Today we have the third instalment of Karen and Gene’s story of moving to Tasmania. Today is all about starting the search for a home to buy.
Searching for a new home
Bright and early the next day we had a house viewing lined up. We’d had the wits not to make it too early, which was a good thing, since it took us just a bit of backing and filling to find the address down on the Tasman Peninsula. You can’t really get lost on the peninsula because all roads eventually come back to Eagle Hawk Neck—but you can bumble around a bit with wrong turns and hidden driveways. Even if you have a GPS thingummybob—and we didn’t—give yourself extra time to get where you think you are going.
We toured the house and grounds with the owners, who were doing a private sale. This can be tricky, and in general I’d recommend viewing with an agent who has no personal investment in the property, but in this case it worked out well. It was a charming house with only two drawbacks. The driveway came off a farmer’s lane, and the rainwater tank was on the farmer’s property. This meant that the home owner was always somewhat dependent on the neighbour’s good will, and that’s not something set in stone. We praised the property to the owners but after leaving and talking it over we decided the price was very high for what it was, and those restrictions were serious enough to give one pause. When we talked to real estate agent friends later, they advised against buying a property of that sort.
These same agents showed us four properties that afternoon, all of which were well within our budget and nice in their various ways—one of them had whales and dolphins playing in the ocean across from the front yard–but none of them large enough or private enough. Regretfully, we said no to all four.
We found our next home to inspect by accident. Driving out of our temporary neighbourhood one day we saw a lovely house, solid brick, large grounds, huge garage, two stories with dormer windows, and while it had neighbours, none were exceptionally close. Imagine our surprise when that day’s viewing of real estate agent windows showed a brand new sign, with this house on it, just posted! We viewed the house the next day and it was 85% of what we wanted; and the owners were able to settle and move out quickly. We viewed it again a few days later, but after much thought, decided not to make an offer.
Looking back, it’s clear that had we made a reasonable offer, we’d have been home within 3 weeks or so and other than the cramped upstairs bathroom and the tiny kitchen, we’d have been quite happy with the property. The price was reasonable, and we’d have saved a great deal in storage fees and temporary rentals. On the other hand, there was no view to speak of, and we would not have found the place we eventually bought, which was also 85%, but a different mix.
I think that unless you build your dream home from scratch you will never find a house that is 100%of what you want, unless your criteria are very, very limited.
One house that seemed ideal except for the price being at the far end of our range was so perfect that we made an offer on the spot. It had land, a big work shed, a good kitchen, plenty of bedrooms, no near neighbours and a lovely sunny glassed in room at the back that I could see being perfect for the bony old cat and my large desk, where I planned to write a lot more books.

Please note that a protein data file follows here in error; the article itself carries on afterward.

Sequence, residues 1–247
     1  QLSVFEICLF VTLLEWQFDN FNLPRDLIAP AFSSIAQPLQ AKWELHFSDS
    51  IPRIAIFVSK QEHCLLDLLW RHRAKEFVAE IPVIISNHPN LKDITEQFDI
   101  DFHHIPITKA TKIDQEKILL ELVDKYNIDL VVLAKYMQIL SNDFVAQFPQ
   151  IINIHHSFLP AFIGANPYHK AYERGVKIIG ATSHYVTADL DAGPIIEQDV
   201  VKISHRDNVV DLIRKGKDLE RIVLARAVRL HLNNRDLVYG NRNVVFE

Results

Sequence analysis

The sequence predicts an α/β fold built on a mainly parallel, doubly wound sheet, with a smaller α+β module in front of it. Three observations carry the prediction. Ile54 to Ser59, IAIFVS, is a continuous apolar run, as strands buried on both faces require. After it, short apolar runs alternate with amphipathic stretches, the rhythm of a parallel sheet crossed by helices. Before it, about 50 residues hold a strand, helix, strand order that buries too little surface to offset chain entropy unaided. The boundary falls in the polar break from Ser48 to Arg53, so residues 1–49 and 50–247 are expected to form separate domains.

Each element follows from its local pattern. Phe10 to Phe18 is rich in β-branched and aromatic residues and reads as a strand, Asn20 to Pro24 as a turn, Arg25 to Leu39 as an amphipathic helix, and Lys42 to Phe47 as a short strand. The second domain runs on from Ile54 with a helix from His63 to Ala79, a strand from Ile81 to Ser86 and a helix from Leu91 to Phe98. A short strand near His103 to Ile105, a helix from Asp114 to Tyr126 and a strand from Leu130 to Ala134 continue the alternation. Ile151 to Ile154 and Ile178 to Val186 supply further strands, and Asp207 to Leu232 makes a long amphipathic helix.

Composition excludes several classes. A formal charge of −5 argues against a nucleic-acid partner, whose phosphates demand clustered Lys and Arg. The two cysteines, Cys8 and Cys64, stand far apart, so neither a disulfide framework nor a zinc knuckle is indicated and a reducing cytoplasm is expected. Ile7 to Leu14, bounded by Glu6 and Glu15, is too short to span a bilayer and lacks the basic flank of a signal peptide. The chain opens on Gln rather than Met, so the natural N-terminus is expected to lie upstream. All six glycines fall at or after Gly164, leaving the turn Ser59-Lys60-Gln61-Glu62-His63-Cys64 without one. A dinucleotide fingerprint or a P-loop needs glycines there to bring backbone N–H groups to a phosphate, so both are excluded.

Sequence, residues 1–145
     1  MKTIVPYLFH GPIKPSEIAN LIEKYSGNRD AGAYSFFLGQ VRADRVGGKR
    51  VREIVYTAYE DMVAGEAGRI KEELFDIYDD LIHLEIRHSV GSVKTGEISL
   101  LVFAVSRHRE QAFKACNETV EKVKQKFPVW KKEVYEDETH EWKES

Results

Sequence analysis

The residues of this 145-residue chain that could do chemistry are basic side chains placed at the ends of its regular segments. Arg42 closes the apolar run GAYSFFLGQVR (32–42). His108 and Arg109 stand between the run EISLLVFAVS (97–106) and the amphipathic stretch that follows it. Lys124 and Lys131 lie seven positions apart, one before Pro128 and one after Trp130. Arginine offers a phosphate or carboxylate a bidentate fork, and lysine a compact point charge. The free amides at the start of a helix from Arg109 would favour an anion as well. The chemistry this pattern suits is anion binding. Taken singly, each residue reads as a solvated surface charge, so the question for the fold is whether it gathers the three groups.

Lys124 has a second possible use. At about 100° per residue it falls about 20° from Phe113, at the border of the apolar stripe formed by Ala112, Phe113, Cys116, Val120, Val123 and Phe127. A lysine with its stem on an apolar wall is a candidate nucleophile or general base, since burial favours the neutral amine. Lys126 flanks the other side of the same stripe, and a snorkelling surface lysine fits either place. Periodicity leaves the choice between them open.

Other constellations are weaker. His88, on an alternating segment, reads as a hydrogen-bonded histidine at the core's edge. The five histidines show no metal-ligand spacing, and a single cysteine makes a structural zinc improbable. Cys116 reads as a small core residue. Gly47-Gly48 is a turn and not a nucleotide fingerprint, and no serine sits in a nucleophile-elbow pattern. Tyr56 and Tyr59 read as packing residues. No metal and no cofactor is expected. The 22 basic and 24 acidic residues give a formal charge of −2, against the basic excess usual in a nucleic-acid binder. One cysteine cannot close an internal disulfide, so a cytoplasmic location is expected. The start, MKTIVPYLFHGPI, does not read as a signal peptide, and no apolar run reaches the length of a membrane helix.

We would have preferred the agent to just ring up the owners and say “I have an offer of XX, would you entertain it?” Instead he insisted we make a written offer, and by the time this was done and the owners thought it over, a full week had passed—and then they said that they had really hoped to get ten thousand more than the listed asking price, so no thanks, they wouldn’t accept our offer. We found this puzzling—why not just advertise the house at the price they wanted and say “firm”? We’d not have bothered, and not have wasted a week. (Footnote: the property eventually sold two months later for $5000 less than the owners wanted.)
Sadly, both of the properties that were on our short list from the April visit had sold by the time we returned in September. However, the agent who listed them had several other suitable places to show us. He had a good idea of what we wanted, and we were hopeful he’d come up with our dream home.
Hint for prospective immigrants: Don’t give up looking just because you have made an offer on a property. It may well fall through, and you’ve squandered a week of rent without lining up anything else.
Know what you are looking for, and refuse to settle for anything very far outside your parameters. If you have moved thousands of miles to find a place far from the madding crowd, do not even look at, never mind consider, a suburban block. Tell the real estate agent what you want and stick to it. Don’t waste your time and the agent’s time.
Thanks Karen for your insights into buying property in Tasmania. Yes, it is true that almost all agents will insist on a formal offer in writing. You need to know that if this offer is accepted without negotiation and signed by the vendor, then you immediately have a contract with no cooling off period. So be very certain of all of your conditions when you make an offer to buy a property in Tasmania.
We will have the next instalment of Karen and Gene’s story in a few days time. Stay tuned!